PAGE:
The North of England’s strength in the creative sector could play a major role in rebalancing the UK economy, that’s according to a report from the Institute for Public Policy Research (IPPR), which will be launched in Manchester tomorrow.

The think tank will argue that too much money on culture and arts is spent in London, rather than the “creative centres” that exist across the UK and particularly in the North of England.

The regional event at The Sharp Project will focus specifically on the role  of the North West in helping to rebalance the economy, but the report also looks at the advertising, software, games and e-learning sectors in Leeds and Sheffield.

Will Straw

Will Straw

“If the Government wants to ensure that the ‘global race’ to which it refers is a ‘race to the top’ then it should do everything that it can to support growth sectors with a clear comparative advantage and a rapid expansion in high skilled jobs all around the country. At a time when many jobs in the UK – particularly in the retail and hospitality sectors – are low-skilled, low-productivity and low-paid, the creative industries are notably bucking the trend. Because the sector is rich in good jobs, it is an important test case for whether Britain can win a global ‘race to the top’,” explained Will Straw, IPPR associate director.

“Creative clusters are emerging in every region of the country and especially in the North West – they could hold the key to rebalancing the UK economy. These creative centres are helping deliver a more dynamic and competitive economy overall but they have not been given as much support as London. We must ensure that scarce government resources are more evenly distributed and that new sources of funding are freed up.”

According to the IPPR, creative industries show that they are ahead of the service sector when it comes to exports. Creative industry exports grew by 16.1% from 2009 to 2011, while the services sector was up just 11.5%. As a whole, growth within the creative industry was nearly 6 times the average in 2012.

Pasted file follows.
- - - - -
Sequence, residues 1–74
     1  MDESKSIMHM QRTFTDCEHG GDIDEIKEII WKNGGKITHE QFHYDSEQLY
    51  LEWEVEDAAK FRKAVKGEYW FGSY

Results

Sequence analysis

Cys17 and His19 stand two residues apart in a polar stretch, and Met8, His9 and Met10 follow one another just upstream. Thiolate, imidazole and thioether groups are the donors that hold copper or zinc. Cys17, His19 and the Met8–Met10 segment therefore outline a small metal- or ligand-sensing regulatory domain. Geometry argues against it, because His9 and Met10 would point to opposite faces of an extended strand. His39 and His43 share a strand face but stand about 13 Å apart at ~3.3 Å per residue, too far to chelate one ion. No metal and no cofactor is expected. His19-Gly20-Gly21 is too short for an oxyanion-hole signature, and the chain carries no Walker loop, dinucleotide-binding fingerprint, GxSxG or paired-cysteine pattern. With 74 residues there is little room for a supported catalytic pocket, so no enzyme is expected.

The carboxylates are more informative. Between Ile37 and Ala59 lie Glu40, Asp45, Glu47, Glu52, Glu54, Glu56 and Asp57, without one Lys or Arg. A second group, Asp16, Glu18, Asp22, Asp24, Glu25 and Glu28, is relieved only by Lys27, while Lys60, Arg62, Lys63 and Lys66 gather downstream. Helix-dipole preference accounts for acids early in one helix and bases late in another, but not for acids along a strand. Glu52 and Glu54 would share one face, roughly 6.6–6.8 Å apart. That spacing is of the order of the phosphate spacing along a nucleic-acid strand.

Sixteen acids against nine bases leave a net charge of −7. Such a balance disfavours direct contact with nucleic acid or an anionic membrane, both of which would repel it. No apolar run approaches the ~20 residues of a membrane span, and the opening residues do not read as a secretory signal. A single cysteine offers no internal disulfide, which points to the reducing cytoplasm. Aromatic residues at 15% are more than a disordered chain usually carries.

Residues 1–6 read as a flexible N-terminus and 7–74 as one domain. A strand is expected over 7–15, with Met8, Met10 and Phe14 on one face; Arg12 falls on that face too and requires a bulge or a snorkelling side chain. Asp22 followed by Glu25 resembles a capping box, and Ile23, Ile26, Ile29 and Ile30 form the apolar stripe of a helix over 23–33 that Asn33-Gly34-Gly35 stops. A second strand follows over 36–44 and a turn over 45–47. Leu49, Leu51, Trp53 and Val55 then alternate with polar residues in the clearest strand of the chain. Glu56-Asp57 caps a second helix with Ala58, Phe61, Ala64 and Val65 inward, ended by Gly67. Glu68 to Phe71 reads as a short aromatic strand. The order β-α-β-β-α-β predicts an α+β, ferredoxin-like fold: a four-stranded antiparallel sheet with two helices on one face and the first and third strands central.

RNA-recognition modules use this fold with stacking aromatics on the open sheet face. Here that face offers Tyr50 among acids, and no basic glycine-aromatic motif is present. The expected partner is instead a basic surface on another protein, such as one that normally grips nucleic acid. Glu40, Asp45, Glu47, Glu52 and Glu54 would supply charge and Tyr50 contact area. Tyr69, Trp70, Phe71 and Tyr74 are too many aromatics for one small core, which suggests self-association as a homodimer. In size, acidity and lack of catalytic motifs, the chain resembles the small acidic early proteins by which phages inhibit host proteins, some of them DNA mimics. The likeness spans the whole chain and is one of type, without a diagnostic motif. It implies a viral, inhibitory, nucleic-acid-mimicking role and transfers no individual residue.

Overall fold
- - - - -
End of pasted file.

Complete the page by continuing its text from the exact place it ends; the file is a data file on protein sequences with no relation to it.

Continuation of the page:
However, Straw will tell delegates at the launch event at The Sharp Project that Government spending on culture and arts is very much skewed towards the capital. More than 40% of all DCMS arts and Arts Council England funding goes to London. The BBC spends 54.2% of its programming budget in London, and it’s committed to reducing this to just 50% by 2016.

ippr ipprThe IPPR states that Londoners have £72 per person spent on the creative industries, that’s compared to £24 in the rest of England.

“Manchester and Liverpool are economic powerhouses, just waiting to boom. We have the skills, we have the enterprise but rarely do we get our fair share of resources. We can’t return Britain to economic growth just by relying on the London housing market. The North West’s ‘modern markers’ are on the march, but they need proper backing,” added Lucy Powell, MP for Manchester Central.

The report will argue for a new approach to the UK creative industries, including:

More Government focus on supporting creative clusters outside of London and a more equitable distribution of Arts Council funding throughout the country;

Less restrictive tax relief, which works to support talent development, innovation and content production;

Skills spending should include the delegation of a proportion of funding for employer-led programmes to Local Enterprise Partnerships to help employers in the regions;

The development of a British Investment Bank to support longer-term investment in creative businesses, particularly for small businesses in the nations and regions.

Public sector broadcasters, including the BBC should provide further ‘venture capital for creativity’ in the wider production sector through their investment and commissioning policies.

You can read the full report here. The regional launch takes place on Thursday at The Sharp Project in Manchester.